dred thousand pounds sterling, payable at the times and place, and in the manner following, that is to say: the said sum of six hundred thousand pounds sterling shall be paid at the city of Washington, in three annual instalments of two hundred thousand pounds sterling each, and to such person or persons, as shall be authorised by his Britannic majesty to receive the same; the first of the said instalments to be paid at the expiration of one year, the second instalment at the expiration of two years, and the third and last instalment at the expiration of three years, next following the exchange of the ratifications of this convention. And to prevent any disagreement concerning the rate of exchanges, the said payments shall be made in the money of the said United States; reckoning four dollars and forty-four cents to be equal to one pound sterling.
Art. II. Whereas it is agreed by the fourth Article of the definitive The fourth ar. treaty of Peace, concluded at Paris on the third day of September one ticle of the treathousand seven hundred and eighty-three between his Britannic majesty 1783, relative to
of and the United States, that creditors on either side should meet with no private debts, lawful impediment to the recovery of the full value in sterling money of recognized and all bona fide debts theretofore contracted; it is hereby declared, that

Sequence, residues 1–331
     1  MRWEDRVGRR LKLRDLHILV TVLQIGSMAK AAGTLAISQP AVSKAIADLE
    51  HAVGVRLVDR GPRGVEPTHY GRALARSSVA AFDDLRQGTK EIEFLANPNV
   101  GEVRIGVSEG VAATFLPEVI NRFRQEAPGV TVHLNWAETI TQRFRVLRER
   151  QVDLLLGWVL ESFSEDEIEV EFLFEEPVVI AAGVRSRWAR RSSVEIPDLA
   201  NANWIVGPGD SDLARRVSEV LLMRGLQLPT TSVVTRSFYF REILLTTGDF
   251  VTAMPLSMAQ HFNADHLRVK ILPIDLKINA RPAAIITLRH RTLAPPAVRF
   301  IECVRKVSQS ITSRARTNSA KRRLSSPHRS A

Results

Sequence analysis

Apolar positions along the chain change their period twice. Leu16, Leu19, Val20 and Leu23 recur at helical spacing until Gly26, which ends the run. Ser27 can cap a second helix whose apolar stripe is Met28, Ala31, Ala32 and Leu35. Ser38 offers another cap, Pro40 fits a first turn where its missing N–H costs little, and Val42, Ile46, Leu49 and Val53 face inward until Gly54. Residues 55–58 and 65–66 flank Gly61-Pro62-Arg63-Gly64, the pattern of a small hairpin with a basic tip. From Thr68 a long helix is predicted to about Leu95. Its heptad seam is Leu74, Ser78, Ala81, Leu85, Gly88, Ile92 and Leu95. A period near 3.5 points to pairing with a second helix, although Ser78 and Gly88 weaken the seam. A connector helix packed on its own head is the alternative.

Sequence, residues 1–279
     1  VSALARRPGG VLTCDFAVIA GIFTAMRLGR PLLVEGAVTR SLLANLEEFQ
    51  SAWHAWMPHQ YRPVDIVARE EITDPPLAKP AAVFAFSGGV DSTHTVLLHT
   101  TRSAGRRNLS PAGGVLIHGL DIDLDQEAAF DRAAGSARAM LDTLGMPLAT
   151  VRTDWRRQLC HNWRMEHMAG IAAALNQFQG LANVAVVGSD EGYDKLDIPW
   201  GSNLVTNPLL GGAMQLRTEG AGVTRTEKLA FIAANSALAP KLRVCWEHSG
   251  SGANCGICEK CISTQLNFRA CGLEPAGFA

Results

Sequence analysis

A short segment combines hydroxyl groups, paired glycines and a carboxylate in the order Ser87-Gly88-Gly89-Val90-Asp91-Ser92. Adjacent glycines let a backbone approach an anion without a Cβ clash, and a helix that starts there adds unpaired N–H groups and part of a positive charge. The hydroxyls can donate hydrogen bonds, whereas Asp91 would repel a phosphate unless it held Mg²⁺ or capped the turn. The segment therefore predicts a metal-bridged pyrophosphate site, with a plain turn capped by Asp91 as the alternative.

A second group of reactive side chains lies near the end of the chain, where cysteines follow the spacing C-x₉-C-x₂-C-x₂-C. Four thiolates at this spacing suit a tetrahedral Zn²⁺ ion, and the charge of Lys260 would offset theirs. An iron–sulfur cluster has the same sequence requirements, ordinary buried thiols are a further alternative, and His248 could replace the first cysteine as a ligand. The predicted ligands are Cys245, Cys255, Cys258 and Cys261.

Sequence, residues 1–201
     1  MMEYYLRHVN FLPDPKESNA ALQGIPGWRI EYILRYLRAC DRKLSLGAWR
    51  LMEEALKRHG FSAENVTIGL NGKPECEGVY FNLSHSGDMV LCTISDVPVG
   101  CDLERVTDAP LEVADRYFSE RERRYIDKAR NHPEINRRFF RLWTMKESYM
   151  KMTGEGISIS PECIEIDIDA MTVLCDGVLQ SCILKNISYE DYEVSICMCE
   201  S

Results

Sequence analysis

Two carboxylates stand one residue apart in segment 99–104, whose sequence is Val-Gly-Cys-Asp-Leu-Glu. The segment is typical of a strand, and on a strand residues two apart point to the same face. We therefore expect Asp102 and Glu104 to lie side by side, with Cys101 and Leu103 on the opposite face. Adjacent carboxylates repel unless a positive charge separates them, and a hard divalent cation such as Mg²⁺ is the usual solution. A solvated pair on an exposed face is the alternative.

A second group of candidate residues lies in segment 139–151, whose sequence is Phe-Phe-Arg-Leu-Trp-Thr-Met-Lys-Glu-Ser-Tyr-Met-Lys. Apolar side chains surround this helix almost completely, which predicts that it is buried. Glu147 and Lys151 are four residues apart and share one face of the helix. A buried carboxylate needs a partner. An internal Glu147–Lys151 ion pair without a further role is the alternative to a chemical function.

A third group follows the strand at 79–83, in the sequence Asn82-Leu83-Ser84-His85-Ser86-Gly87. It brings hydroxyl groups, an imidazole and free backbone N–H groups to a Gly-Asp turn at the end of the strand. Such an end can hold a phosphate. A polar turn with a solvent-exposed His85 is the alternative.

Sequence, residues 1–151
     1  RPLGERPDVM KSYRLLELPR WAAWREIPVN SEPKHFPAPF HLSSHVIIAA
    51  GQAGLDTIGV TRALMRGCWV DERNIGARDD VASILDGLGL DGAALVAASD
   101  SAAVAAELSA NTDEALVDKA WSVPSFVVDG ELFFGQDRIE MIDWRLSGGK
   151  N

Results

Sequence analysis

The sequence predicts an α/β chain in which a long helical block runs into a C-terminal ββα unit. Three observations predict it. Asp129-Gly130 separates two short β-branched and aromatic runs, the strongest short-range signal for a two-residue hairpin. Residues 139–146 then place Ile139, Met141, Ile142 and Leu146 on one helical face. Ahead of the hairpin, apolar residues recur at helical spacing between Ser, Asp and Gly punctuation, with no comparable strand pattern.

confirmed. the said fourth article, so far as respects its future operation, is hereby recognized, confirmed and declared to be binding and obligatory on his Britannic majesty and the said United States, and the same shall be accordingly observed with punctuality and good faith, and so as that the said creditors shall hereafter meet with no lawful impediment to the recovery of the full value in sterling money of their bona fide debts.
Art. III. It is furthermore agreed and concluded that the commis- Commission sioners appointed in pursuance of the seventh article of the said treatyers to execute of amity, commerce and navigation, and whose proceedings have been the duties as
signed to them suspended as aforesaid, shall, immediately after the signature of this by the 7th articonvention, reassemble and proceed in the execution of their duties ac- cle of the treaty cording to the provisions of the said seventh article; except only that of 1794. instead of the sums awarded by the said commissioners being made payable at the time or times by them appointed, all sums of money by them awarded to be paid to American or British claimants, according to the provisions of the said seventh article, shall be made payable in three equal instalments, the first whereof, to be paid at the expiration of one year, the second at the expiration of two years, and the third and last at the expiration of three years next after the exchange of the ratifications of this convention.
ART. IV. This convention, when the same shall have been ratified Ratification of by his majesty, and by the President of the United States, by and with this convention the advice and consent of the senate thereof, and the respective ratifications duly exchanged, shall be binding and obligatory upon his majesty and the said United States.